To prepare this, chicken is marinated in coconut vinegar, pepper, calamansi (Philippine lemon/lime) and annatto (a peppery seasoning) then cooked over hot coals whilst being continually re-basted with this tasty sauce.

Once cooked, it is served up with rice, more calamansi, chicken oil, soy sauce, and sanamak vinegar, a distinctive form of the acidic condiment that has been further infused with chili peppers, langkawas (a type of ginger), and garlic.


Generally speaking, in Filipino cuisine Tapa refers to a cured or dried mutton, venison, beef, or horse meat, though you might also find it used with other meat and occasionally fish.

It is prepared using especially thin slices of meat, which are cured with salt and spices, typically including soy sauce, calamansi juice, minced garlic, brown sugar, and of course a bit of salt and pepper.

Combining tapa of any kind with sinangag (a garlic fried rice) and itlog (fried egg) makes one delightful breakfast meal known as Tapislog. There are many restaurants across the Philippines that serve only tapa, usually called tapsihan, tapahan, or tapsilugan, though the latter are slang terms.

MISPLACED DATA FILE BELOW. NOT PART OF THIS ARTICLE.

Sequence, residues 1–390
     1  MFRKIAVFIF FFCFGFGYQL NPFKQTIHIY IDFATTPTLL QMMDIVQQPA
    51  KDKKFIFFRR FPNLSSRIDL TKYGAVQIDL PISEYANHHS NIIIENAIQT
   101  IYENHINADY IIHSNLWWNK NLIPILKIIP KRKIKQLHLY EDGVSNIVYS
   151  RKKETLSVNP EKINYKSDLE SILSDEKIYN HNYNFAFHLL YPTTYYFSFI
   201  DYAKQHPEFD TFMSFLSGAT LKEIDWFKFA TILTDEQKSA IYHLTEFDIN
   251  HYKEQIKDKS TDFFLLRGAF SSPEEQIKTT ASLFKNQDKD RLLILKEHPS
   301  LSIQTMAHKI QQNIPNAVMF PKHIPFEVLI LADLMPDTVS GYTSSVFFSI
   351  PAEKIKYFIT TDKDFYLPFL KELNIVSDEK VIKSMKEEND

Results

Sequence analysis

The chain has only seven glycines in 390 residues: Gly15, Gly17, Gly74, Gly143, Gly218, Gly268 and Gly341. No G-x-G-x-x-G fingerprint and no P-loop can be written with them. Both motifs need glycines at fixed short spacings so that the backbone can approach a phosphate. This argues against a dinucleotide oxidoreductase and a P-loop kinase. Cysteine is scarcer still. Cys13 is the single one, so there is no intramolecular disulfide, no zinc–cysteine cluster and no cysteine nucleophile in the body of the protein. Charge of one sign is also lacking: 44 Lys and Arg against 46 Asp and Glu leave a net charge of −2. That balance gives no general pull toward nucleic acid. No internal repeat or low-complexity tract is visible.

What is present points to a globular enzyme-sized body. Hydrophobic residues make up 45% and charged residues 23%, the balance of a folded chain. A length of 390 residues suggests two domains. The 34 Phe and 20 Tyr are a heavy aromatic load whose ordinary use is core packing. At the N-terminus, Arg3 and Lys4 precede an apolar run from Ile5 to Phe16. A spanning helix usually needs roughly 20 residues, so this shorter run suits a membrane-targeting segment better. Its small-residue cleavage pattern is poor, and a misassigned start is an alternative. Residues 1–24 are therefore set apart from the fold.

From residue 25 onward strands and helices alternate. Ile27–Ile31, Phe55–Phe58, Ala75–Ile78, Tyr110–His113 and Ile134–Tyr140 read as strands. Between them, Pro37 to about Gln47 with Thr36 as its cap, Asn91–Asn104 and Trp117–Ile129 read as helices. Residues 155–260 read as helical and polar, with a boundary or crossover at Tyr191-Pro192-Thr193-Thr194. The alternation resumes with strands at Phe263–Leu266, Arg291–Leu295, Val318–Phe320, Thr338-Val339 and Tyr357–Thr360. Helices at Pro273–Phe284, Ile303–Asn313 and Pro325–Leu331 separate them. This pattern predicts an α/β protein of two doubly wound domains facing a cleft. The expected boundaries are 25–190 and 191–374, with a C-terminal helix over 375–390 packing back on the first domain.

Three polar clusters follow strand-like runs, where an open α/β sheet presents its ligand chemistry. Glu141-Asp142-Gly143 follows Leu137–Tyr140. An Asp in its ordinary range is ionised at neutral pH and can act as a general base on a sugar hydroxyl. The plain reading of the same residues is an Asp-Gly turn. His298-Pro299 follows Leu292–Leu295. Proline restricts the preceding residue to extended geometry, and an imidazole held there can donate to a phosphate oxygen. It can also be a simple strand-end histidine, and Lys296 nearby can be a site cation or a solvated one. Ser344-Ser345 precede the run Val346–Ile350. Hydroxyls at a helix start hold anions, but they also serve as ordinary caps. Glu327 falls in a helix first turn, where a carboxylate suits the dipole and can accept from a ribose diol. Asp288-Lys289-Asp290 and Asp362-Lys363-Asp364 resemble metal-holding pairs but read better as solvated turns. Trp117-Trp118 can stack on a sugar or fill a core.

The popularity of this dish across the whole of the Philippines means that it is also sold at various fast-food restaurants across the nation, as well as appearing on the breakfast menus of various hotel chains there.


An indigenous food hailing from Northern regions, Pinakbet, which is often referred to as pinak bet or pakbet in other areas, is simply a variety of vegetables that are sauteed in either a shrimp or fish-based sauce.

Traditionally, you’ll find ampalaya (a kind of bitter melon) is the base of the dish, but other veggies utilized are tomatoes, chili peppers, eggplants, okra, green beans, and root crops, as well as beans such as kadios, camote and patani.

A word derived from the original Ilokano (a Filipino language) pinakebbet which translates as shriveled or shrunken, the vegetables are cooked down until they are nearly dried out.

You will typically find that they are cooked up in bagoong, a fermented fish paste made from monamon, though you might see bagoong alamang used elsewhere.

Since a lot of the veggies used in Pinakbet are grown in the gardens of many Ilocano households, it’s a very accessible dish, as well as being simple to prepare and using only a couple of dishes.